Monday, November 29, 2010

Lars Hollmer - XII Sibiriska Cyklar

Lars Hollmer passed away over the Christmas holidays of 2008 at the age of sixty. Outside of his native Sweden there was little heralding of this quirky and original artist. Upon leaving his role as keyboardist of Sweden's most famous progressive rock group Samla Mammas Manna, Hollmer went on to release a series of unique solo albums as well as several collaborative works. Much of his music was produced at his own home built studio known as The Chickenhouse in Uppsala in Sweden. In the late 90s and early 00s, Hollmer gained international recognition though his work with Accordion Tribe, a five piece collective of accordion players from different countries around the world. He also collaborated with other avant-garde musicians such as Fred Frith, formerly of Henry Cow.

Hollmer's debut solo album "XII Sibiriska Cyklar" was almost exclusively recorded alone at The Chickenhouse and contains all of his trademark idiosyncrasies. This extremely diverse album hops from merry accordion jingles to melancholic piano balladry, interspersed with menacing oddities that wouldn't be out of place on an album by The Residents. Although the album tackles traditional templates such as waltzes and folk dances, he places his own unique stamp on every track.

The album begins with the beer-hall waltz of "Avlägsen Strandvals" which features accordions, whistling and demented backing vocals typical of the album culminating in a drunken singalong. The playful  "Piano De Jugugte" follows where the accordion takes a back seat to Hollmer's bell piano and quasi-yodelling. By the time the manic one and a half minutes of "Hajar Du Idealfamiljen" have passed by, one could be forgiven for expecting a whole album of novelty accordion music. However, the albums fourth track, the brooding  "Endlich Ein Zamba" takes the album in a completely different direction combining African influenced drumming with jazz tinged accordion and piano. "Inga Penga", perhaps the most accessible track on the album follows with a melancholic piano riff and one of Hollmer's most emotional vocal deliveries. As if to combat the conventions of the previous track, "Kamelsväng" combines effect laden synthesizer/organ with furious guiro stroking to create one of the albums more challenging tracks.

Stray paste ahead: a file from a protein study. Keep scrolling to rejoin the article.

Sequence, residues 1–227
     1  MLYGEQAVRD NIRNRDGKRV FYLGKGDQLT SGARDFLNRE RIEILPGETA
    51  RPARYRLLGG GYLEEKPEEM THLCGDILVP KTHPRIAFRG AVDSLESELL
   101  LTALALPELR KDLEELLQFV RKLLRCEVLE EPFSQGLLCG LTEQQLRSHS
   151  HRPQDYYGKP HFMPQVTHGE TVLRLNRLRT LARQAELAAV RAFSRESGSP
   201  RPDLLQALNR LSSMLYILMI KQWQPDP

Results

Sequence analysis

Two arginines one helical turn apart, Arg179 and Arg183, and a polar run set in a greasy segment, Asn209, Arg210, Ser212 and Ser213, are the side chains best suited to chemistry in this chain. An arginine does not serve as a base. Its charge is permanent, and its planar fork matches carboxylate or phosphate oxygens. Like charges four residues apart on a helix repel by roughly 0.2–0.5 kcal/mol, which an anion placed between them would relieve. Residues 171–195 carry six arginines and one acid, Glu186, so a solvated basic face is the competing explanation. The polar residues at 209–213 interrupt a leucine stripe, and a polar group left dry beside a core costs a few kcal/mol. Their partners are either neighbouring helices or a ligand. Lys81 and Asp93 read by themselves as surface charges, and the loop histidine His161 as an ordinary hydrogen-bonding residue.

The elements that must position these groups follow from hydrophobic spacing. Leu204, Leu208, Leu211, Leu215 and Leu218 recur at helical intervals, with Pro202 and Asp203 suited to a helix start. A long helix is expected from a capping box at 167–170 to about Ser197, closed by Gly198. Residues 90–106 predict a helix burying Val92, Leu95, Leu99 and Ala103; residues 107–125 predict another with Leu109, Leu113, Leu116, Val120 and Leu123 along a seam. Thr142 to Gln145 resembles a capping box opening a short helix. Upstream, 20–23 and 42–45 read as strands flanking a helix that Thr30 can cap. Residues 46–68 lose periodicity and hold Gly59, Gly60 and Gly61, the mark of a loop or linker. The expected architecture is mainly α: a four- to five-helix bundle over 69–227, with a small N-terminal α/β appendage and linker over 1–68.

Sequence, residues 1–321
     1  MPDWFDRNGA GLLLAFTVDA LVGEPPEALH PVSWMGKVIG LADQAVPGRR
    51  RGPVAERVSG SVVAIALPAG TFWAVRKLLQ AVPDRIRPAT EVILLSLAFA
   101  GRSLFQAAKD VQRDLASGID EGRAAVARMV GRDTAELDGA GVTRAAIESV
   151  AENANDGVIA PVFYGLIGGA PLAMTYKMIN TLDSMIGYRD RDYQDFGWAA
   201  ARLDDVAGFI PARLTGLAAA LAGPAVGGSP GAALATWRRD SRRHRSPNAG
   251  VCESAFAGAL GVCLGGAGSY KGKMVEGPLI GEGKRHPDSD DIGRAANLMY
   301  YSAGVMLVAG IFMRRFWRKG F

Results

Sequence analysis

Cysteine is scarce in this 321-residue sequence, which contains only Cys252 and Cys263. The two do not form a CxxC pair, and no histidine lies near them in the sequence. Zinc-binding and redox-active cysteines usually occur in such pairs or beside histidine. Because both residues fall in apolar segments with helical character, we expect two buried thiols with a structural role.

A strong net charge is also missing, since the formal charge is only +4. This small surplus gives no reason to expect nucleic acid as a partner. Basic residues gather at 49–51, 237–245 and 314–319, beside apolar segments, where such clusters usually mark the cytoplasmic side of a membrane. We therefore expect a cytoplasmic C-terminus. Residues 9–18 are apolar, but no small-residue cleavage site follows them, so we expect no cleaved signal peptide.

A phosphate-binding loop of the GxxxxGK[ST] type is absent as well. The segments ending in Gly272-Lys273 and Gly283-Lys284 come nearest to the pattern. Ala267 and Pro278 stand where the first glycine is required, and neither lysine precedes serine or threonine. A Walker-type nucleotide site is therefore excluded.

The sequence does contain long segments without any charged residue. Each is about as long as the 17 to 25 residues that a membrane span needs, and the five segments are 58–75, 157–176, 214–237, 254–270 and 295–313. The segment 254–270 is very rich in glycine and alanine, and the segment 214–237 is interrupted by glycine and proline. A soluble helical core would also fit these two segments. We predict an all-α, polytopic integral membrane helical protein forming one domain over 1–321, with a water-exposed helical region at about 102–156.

The second half of the album begins with the humorous accordion ditty "Ja Änte Flöttar Ja Te Sjöss" which sounds somewhat like a parody of Nordic folk music. "Boeves Psalm", one of Hollmers most celebrated works, begins with an enchanting accordion melody which is gradually built upon by keyboards and bells to create one of his most charming compositions. "Boeves Psalm" was later covered by future collaborator Guy Klucevsek who described it as "one of the most beautiful melodies ever written,". After the bouncy instrumental  "Jag Vδntar Pε Pelle", the album returns to darker themes with the atmospheric "Bluesen" which consists of spoken lyrics over a repetitive piano and vibes riff, supplemented by distorted guitar. After forty-four seconds of a recorded music box (as referenced in the track's title "44 Sekunder Köpt Speldosa") we are met with the what is probably the albums most unusual track, the demented "Ung Harald", which features text from the Swedish poet Dan Andersson. This wonderfully varied album comes to an end with the sorrowful "Lite Piano", a solo piano track baring little relation to anything else on the album which was recorded on Hollmer's tape recorder in 1976.

This enthralling album represents only a very small sample of Lars Hollmer's large back catalogue and whilst several of his later albums are of similar if not equal quality, none were quite as diverse and daring as "XII Sibiriska Cyklar". The truly unique mixture of innocence, sophistication and menace displayed on this album makes it more than worth a listen for anyone with an interest in unique, captivating music.